Last week’s council meeting was packed with constructive discussion and new policy orders. It was the first proper city council meeting since September 29th and there was certainly much to be discussed.
Silver Maple Forest
Although there were many issues on the agenda one was more prominent than the rest. Over the last couple of weeks crews have begun to clear large portions of the Silver Maple Forest in order to make way for a 300 unit 40B housing project. For many Cantabrigians the destruction of the Silver Maple Forest is nothing short of a tragedy and this common passion for environmental preservation has driven many to protest and some to act in civil disobedience. Most of the Councillors were equally upset and voiced the same concerns that were heard at public comment.
However, after lengthy discussion between the Councillors, the City Manager, and members of the Cambridge Conservation Commission, it became clear that there were actually very few options available to help counter the actions of the developers. As the Director of the Cambridge Conservation explained, the majority of the Silver Maple Forest is actually Belmont land and although a small portion of the forest exists within Cambridge’s borders, there are no plans to clear any trees there. Moreover, Director Letourneau went on to note that the land in question was actually private property and therefore there is little that a city could do without implementing eminent domain. For these reasons the defining mood of the meeting was undoubtedly “frustrated”, as almost every councillor expressed their frustration at the lack of options available to them. The Policy Order that was being considered was intended to ensure that the developers were contacted and made aware of the widespread civilian disapproval of the project and the protests and civil disobedience that resulted.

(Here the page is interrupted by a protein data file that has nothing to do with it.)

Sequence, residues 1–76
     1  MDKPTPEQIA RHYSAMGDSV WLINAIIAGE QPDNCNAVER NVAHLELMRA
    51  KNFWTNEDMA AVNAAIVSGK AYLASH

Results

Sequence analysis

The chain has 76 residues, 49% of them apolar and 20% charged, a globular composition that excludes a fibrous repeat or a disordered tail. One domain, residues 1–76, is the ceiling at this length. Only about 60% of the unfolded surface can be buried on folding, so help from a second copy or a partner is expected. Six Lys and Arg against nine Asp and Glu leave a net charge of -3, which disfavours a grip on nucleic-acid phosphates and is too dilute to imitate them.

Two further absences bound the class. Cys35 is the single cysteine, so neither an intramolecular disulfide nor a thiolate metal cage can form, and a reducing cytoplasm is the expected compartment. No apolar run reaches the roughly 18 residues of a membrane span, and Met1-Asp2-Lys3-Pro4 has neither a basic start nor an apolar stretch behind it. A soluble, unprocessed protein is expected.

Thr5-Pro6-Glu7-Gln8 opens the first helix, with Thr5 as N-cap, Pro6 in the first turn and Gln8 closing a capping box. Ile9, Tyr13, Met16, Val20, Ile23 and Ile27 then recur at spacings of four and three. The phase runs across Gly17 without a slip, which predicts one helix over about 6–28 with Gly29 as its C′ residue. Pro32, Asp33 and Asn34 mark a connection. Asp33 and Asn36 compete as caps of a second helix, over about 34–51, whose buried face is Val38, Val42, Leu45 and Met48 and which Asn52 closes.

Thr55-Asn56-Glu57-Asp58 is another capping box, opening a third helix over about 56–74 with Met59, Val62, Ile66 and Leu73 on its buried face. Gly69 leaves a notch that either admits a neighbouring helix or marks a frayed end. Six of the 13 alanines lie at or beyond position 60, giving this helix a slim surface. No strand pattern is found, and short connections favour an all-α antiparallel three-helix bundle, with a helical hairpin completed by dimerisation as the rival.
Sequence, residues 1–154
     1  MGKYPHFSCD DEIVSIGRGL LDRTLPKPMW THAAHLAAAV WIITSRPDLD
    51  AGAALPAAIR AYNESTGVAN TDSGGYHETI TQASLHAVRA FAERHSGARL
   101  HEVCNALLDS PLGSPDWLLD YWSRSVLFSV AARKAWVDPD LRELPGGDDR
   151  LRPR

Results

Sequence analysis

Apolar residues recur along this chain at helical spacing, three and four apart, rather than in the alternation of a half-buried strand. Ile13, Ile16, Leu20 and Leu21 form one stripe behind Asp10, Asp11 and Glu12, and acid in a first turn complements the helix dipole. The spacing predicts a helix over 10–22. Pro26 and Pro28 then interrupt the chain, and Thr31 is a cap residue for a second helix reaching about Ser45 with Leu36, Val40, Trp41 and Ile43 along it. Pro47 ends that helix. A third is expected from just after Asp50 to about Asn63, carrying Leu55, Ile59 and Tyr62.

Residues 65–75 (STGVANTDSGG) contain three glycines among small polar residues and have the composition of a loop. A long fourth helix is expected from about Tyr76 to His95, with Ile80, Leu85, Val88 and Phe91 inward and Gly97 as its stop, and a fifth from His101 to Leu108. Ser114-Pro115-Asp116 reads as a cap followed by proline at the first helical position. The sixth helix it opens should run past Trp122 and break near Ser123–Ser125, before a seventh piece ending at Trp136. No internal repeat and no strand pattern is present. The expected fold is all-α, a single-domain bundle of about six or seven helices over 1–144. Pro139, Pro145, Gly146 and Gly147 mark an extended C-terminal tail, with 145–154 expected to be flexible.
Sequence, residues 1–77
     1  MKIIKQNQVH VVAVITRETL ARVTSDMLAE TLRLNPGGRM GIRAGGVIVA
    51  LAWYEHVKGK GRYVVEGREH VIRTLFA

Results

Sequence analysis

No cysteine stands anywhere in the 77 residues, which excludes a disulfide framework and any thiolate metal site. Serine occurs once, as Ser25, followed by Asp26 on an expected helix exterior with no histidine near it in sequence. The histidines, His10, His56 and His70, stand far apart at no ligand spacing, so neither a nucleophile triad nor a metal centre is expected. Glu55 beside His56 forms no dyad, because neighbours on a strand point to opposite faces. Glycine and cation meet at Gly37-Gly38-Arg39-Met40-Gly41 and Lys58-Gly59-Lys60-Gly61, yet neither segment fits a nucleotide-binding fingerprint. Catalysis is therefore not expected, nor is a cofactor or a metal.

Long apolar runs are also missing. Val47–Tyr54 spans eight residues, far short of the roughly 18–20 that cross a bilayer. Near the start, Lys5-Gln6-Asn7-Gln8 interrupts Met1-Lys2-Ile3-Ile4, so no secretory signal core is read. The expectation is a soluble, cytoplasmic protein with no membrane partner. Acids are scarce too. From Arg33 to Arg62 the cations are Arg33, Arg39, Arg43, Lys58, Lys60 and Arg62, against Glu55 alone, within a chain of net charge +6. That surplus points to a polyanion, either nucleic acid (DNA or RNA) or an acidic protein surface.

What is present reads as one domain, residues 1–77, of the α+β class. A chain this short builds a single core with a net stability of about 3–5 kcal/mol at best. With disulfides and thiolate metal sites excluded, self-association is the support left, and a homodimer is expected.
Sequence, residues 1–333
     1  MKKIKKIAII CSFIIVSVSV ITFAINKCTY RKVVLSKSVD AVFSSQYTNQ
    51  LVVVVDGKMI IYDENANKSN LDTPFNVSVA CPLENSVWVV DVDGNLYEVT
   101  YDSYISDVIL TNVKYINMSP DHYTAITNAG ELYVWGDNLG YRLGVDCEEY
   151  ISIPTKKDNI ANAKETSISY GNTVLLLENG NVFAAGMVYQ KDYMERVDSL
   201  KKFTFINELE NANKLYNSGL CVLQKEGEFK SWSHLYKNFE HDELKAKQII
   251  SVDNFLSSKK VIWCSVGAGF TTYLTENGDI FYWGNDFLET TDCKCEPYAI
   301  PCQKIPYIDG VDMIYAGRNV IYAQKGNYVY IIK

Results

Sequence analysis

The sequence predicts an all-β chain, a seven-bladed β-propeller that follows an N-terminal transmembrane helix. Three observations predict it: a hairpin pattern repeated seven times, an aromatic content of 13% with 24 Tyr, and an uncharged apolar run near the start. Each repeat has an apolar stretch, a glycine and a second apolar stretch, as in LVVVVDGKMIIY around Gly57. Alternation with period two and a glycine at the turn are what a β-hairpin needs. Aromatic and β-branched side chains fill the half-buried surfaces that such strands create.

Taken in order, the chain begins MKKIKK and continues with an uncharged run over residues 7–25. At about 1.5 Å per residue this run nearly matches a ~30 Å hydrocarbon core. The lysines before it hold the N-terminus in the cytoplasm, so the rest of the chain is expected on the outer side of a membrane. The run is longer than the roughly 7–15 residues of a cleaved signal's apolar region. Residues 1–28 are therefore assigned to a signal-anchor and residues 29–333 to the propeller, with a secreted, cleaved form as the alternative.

Ultimately, the councillors came to the conclusion that such a Policy Order was unnecessary as it became clear that the City Manager has already contacted the developers and conveying the same message. Instead, the Councillors decided that it would be best to create a factsheet on the issue in order to inform the public of the problems, its causes, and the precise measures that have been taken and can be taken by the City of Cambridge.
Grand Junction Pathway
The Grand Junction Pathway is one of the city’s largest current endeavors in bike safety and transit. At last week’s meeting councillors discussed the next steps that are needed to bring this plan to fruition. In light of MIT’s recent completion of their Property Feasibility Study for the pathway, councillors were interested in connecting with MIT in order to ascertain its timeline for construction. By sharing this information, Cambridge and MIT could then coordinate their construction efforts and timelines in order to make construction as efficient as possible. In addition to connecting with MIT, councillors agreed that it would be equally beneficial to connect with surrounding cities in order to coordinate efforts with them as well.